The shares fell 5.1 percent to $49.07 at the close in New York, the biggest one-day decline since Jan. 13. Vancouver, B.C.-based Lululemon has fallen 17 percent this year.
Lululemon has been working to regain shoppersí loyalty after it recalled one of its most popular styles of pants last year because they became too transparent when wearers bent over. Former Chief Executive Officer Christine Day worked to strengthen the retailerís product testing after the debacle, and new CEO Laurent Potdevin has said heíll work on improving the companyís clothing and expanding globally.
The retailerís managers, speaking in a presentation for analysts and investors last week, didnít provide specific plans to gain new customers or lure current shoppers into buying more, Sterne Ageeís Sam Poser said in a note on Sunday. Poser, whoís based in New York, rates the shares the equivalent of a sell. Lululemon last month said sales at stores open at least a year fell 2 percent on a constant-dollar basis in its fiscal fourth quarter.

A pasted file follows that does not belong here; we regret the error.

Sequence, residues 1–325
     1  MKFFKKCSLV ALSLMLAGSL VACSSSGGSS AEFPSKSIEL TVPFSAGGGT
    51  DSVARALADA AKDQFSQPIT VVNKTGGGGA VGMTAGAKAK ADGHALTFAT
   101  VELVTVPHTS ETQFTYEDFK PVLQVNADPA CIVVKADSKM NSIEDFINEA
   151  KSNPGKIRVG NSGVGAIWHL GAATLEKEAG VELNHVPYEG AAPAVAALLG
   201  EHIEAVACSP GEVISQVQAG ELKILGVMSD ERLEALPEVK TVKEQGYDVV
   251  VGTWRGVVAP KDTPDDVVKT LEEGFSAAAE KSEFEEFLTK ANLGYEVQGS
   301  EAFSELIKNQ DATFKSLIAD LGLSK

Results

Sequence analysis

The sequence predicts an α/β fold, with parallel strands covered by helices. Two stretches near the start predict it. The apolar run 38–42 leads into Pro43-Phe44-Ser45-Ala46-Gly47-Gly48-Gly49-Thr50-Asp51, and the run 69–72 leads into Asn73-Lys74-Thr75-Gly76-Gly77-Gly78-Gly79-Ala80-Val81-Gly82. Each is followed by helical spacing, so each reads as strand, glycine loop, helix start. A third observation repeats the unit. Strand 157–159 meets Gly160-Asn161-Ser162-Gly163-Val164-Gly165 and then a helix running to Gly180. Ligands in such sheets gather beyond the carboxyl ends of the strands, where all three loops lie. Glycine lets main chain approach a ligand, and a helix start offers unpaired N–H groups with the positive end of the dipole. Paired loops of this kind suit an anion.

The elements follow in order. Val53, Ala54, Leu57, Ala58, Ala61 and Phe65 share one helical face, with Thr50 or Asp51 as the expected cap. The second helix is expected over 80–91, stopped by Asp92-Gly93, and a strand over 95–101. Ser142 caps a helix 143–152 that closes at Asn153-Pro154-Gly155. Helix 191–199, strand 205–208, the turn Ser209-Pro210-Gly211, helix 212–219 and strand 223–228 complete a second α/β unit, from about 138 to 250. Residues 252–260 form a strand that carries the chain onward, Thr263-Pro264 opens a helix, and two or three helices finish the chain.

ďA detailed constructive strategy, beyond the improved product, not just words, is needed to rebuild the aspirational quality of the Lululemon brand,Ē Poser wrote. ďMost of those who do not see the brand as damaged are loyal Lululemon customers, but new customers are needed for the long-term success of both the company and the stock.Ē
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